Sunday, July 04, 2004


How can an anti-statist and sometime agrarian be a socialist?

Well, I've given the thought of what socialism would really mean in practice and how it could come about a lot of thought and I've come to the conclusion that if the State is not the agent the people have to be the foundation that socialism is based on.

Without the State, that conveniant fallback for uncreative reformers, what puts socialism into practice is regular people, educated in liberty and self realized, who take responsability for administering decentralized programs for production, distribution, and, most importantly, for social services.

Health care under socialism would work best if it was decentralized and administered at the town level by people who are connected with the community and can work out the problem of finacing and running socialized health care on the local level, with perhaps the financial help of comrades in other adjacent areas to even things out.

The same goes for education, for labor, of course, and for any other social program that would effect a great many people's lives.

The catch is that to do all of this wonderful stuff we need a widely educated and self confident citizenry that knows themselves, knows their history, knows their region, and can take the responsability for putting ground beneath the idealistic castles they make in the sky.

They can't be "educated" in some sort of left wing indoctrination, either, they have to be educated to be full human beings. Once people realize what they are, who they are, and what they can be and do they tend to take action and be more succesful in taking action, to make their world a better place.

In this I think that the early Mao, before the Cultural Revolution, was right: you have to create consciousness of liberty and of what's at stake and what's possible before any large scale transformation can take place.

How do you move Chinese peasants who've been in a system of imperial administration and beurocracy for a thousand years into managing their own affairs and their own towns? By education and by building up a somewhat 'cultural' awareness of what's at stake, which can then be used as a bulwark from which material action in the form of agitation and social change and reconstruction can take be based off of.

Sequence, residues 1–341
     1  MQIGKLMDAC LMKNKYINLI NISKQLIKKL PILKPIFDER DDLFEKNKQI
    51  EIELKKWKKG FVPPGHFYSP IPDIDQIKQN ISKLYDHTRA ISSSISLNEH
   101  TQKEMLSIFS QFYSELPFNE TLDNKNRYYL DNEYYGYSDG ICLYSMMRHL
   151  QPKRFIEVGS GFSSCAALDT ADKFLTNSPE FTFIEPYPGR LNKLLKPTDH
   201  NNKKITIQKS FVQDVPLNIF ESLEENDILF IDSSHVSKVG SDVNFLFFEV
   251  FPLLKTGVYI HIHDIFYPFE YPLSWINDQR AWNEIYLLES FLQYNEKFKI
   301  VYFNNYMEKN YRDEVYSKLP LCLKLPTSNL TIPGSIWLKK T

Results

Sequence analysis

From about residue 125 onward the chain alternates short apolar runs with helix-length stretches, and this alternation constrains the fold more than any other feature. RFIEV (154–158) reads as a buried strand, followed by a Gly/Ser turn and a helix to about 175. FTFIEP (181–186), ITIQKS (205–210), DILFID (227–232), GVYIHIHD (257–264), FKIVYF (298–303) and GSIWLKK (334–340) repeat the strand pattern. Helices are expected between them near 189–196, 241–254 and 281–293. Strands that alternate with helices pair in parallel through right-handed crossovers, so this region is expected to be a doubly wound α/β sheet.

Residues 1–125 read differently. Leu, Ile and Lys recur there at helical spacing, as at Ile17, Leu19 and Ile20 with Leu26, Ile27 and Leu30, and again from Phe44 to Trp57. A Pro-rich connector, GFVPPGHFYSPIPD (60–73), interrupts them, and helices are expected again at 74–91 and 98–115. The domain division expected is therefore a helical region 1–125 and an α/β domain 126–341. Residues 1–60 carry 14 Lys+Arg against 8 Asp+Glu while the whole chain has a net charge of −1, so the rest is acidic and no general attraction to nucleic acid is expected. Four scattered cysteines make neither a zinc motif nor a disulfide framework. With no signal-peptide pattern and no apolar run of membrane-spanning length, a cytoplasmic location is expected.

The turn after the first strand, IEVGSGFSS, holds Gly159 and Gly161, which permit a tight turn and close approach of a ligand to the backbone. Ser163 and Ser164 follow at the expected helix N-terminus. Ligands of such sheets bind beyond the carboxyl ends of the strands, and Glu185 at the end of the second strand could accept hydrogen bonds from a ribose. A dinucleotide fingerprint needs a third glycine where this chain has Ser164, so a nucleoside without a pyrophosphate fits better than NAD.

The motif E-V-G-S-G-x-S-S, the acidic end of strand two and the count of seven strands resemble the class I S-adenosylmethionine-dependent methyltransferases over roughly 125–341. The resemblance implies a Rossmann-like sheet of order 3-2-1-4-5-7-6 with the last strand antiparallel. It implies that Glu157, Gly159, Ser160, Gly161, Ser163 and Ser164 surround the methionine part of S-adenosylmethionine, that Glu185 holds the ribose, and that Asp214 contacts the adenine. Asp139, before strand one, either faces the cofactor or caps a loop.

Ironically, for the biggest material change you need the biggest non-material change there is, the change of how people think about themselves and about their world. That's what I mean by 'cultural', which I keep in quotes, nothing more.

So, yes, Socialism is more than possible, and it can be carried out and put into place without a large state beurocracy calling all the shots, but it takes people to do that.

Therefore, if we want to create real, positive, social change, we have to invest in communities and in people, in popular education and in building awareness. Again, not in the service of some leftwing ideal which undercuts the genuineness of all of this. Educate people about these things honestly and the political awareness will come.

I like the idea which has been put into action in central America of base communities---liberation theologists and church groups establish friendly base communities where a majority of the people in these largely rural, impoverished areas, agree with liberation theology and are willing to change the way they run their village and education system in order to concretely work with developing and building a culture based on a real understanding and implementation of those ideals.

We don't have to build isolated base communes for building socialism, but the experience and the idea behind it point to what's needed for an actual effort to that: education plus experience.

It can work, and, in my estimation, the transition to socialism is just that---a transition which is only as good as the people who make it up.
I disown the idea that a revolutionary state can come to power and establish "the essentials" of socialism and then wait for the populace to catch up. The populace is the nation, and if they aren't socialist then there's nothing any group can do to make it so.

So, realistically, there'll probably be a large portion of time when the country is partially liberal and partially socialist...

But all of this is possible, nonetheless. All it requires is people.

People are our future, and with a self confident citizenry we can do anything.

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